A New Hippie Era? A Strawberry Moon Meets the Summer Solstice

  • The year was 1967, the ‘Summer of Love’, and a rare amber tinted moon hung low in the sky at the end of the longest day of the year.

    The event was rare and auspicious as the full moon called ‘Strawberry Moon’ – a reference to the strawberry harvest season in the West – coincided with the summer solstice. A once-in-a-lifetime event.

    That year, the hippie movement in the United States and Europe was at its peak. The underground counterculture had been brewing for several years. But this was the year the media took full cognisance of the great movement.

    On 21 June, the summer solstice this year, if you look up at the sky, you’ll see the same amber moon – for the first time in five decades.

    What Was the Summer of Love?

    The year marked the height of the hippie movement in the United States which was focussed largely in San Francisco. Nearly 75,000 American youth flocked to the streets of the Haight-Ashbury district in San Francisco.

    ‘If you’re going to San Francisco, be sure to wear some flowers in your hair... ’ crooned Scott McKenzie in the hit song San Francisco, which became an anthem of sorts of the movement.

    The movement “divided American culture into a Before and After unparalleled since World War II” says Vanity Fair.

    The hippie culture encouraged finding oneself through foreign travels, communal living and an array of hallucinogenic drugs. Jefferson Airplane blared in the streets as LSD was handed out for a surreal hypnotic experience of self-discovery.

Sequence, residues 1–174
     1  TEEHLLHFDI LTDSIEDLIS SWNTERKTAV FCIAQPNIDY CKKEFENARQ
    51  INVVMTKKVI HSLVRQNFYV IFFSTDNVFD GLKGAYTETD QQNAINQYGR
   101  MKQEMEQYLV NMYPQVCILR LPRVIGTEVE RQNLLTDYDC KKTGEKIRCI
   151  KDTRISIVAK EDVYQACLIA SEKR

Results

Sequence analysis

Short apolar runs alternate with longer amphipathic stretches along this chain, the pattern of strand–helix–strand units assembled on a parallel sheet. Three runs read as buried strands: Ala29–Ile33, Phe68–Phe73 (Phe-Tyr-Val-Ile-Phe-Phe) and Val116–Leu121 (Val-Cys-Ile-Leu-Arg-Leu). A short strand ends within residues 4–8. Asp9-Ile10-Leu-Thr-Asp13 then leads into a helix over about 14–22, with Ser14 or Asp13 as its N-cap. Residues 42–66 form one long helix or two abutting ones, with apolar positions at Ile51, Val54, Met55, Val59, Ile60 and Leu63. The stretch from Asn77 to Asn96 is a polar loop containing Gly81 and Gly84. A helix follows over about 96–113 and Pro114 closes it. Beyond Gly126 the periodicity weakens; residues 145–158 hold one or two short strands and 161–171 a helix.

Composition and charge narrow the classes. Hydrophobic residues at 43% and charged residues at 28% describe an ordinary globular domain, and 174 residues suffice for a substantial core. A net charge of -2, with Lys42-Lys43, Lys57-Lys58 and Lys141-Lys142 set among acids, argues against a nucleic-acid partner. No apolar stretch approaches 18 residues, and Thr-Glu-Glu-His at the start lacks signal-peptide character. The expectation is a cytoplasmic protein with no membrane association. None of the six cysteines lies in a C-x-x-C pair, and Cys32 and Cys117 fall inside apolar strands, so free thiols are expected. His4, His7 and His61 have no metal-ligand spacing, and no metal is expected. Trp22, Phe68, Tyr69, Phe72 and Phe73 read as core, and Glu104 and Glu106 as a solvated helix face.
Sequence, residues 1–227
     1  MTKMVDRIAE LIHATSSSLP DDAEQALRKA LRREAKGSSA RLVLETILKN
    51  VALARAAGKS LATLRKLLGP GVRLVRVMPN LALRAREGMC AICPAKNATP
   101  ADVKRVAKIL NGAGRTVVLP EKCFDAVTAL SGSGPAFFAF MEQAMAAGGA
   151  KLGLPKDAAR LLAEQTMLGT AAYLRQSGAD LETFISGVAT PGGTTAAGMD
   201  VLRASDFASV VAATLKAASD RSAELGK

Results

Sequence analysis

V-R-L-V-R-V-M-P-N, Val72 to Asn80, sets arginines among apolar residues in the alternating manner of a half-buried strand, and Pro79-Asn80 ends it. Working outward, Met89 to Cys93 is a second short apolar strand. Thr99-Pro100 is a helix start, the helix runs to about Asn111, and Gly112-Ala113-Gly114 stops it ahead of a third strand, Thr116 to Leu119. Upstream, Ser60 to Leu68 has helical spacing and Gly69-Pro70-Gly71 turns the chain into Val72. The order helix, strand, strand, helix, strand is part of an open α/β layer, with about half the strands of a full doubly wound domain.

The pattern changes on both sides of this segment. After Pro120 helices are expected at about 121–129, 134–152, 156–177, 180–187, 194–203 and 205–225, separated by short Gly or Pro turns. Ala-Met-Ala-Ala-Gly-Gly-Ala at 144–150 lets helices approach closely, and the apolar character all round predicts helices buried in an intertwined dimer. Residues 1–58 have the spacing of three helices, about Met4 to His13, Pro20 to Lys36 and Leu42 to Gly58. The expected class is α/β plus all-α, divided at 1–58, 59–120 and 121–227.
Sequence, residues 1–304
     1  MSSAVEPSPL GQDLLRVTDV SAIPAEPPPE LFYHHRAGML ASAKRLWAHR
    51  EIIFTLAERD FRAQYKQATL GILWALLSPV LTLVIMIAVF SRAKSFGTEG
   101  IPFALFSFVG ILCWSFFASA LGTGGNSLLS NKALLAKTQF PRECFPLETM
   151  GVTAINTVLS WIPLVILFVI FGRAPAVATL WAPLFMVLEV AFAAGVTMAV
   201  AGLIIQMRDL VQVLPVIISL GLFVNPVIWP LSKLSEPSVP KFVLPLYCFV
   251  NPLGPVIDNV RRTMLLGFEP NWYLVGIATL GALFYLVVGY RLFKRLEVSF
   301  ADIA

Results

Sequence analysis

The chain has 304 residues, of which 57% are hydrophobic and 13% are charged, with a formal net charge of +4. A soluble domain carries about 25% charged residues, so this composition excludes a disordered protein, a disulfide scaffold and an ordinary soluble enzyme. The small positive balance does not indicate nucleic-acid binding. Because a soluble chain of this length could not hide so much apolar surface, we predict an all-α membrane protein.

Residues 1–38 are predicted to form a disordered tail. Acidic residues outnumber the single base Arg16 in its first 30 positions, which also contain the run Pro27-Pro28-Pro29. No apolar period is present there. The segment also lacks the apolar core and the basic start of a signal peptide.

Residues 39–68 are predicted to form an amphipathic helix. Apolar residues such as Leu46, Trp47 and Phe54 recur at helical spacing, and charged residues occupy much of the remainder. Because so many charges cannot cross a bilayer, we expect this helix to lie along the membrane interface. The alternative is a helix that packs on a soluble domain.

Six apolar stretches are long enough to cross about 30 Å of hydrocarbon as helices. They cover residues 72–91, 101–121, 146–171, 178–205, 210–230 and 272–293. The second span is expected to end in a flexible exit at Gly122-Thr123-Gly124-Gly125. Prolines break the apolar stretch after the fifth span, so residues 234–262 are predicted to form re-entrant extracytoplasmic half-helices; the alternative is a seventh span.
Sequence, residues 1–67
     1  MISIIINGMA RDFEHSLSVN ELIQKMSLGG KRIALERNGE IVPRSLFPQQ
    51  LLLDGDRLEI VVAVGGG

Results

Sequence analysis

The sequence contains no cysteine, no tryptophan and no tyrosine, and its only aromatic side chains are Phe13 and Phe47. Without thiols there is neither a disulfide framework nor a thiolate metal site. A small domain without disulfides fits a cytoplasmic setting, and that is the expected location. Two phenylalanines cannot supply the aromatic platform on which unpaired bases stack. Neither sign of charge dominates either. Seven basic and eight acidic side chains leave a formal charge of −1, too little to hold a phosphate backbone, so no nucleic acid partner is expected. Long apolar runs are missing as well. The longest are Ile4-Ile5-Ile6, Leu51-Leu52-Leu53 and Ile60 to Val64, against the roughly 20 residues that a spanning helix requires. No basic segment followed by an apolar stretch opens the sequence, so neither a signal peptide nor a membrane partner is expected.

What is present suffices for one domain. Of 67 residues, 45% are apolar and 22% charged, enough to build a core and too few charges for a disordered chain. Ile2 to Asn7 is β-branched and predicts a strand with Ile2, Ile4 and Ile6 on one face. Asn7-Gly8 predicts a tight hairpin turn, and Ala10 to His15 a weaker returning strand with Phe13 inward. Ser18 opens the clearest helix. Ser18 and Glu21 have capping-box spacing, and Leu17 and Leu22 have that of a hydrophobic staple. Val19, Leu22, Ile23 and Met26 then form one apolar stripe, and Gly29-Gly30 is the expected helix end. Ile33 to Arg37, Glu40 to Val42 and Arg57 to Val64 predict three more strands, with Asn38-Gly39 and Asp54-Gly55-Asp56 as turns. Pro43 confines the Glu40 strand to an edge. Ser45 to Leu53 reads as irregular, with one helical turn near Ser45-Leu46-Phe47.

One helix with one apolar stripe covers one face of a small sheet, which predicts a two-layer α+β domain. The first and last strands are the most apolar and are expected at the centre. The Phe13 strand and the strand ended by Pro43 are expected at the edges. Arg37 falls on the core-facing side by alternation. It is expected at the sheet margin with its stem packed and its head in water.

Led by the Beat generation of poets and writers like Jack Kerouac and Allen Ginsberg, a community of Bohemians and beatniks had been blossoming in the ‘50s and ‘60s. Inspired by poetry and art, these professors of love and self-expression spoke to the heart of young dissatisfied Americans.

    The Human Be-In Rally in January that year perhaps sparked the movement as Beat generation speakers and poets gathered to speak at the Golden Gate Park, according to The Guardian.

    The movement also marked the bloom of ‘Acid Rock’ as psychedelic music became popular.

    That year saw the release of The Beatles’ Sgt. Pepper’s Lonely Hearts Club Band, Pink Floyd’s Piper at the Gates of Dawn, Hendrix’s Are You Experienced? and The Doors – who were later called the “Kings of Acid Rock” by Life magazine – also released their eponymous debut album among others.

    What Happened to the Movement?

    It is said the local councils of Haight-Ashbury district coined the term ‘Summer of Love’ to turn the media narrative of “druggy, hippie gatherings” on its head.

    The utopian movement however became untenable as nearly 1,00,000 people flocked to San Francisco in pursuit of themselves. Practical realities of life caught up, the glamour of ‘dropping out’ didn’t seem to hold as much promise any longer. The Haight-Ashbury district became overcrowded and crime was on the rise.

    The movement became a messy media spectacle and lost sight of how it started out, as it traipsed with the influx of new followers.

    In October, the hippies in Haight-Ashbury held a ceremonial funeral called the ‘The Death of the Hippie’.

    The movement had ended in effect, but left a legacy that the world continues to embrace through music, poetry, art and more.

    So on this summer solstice, play some Jefferson Airplane, put some flowers in your hair, (maybe skip the LSD if you wish), but be sure to look up at the sky and admire the amber tinted full moon.

    Who knows when we might chance upon a ‘Summer of Love’ again.

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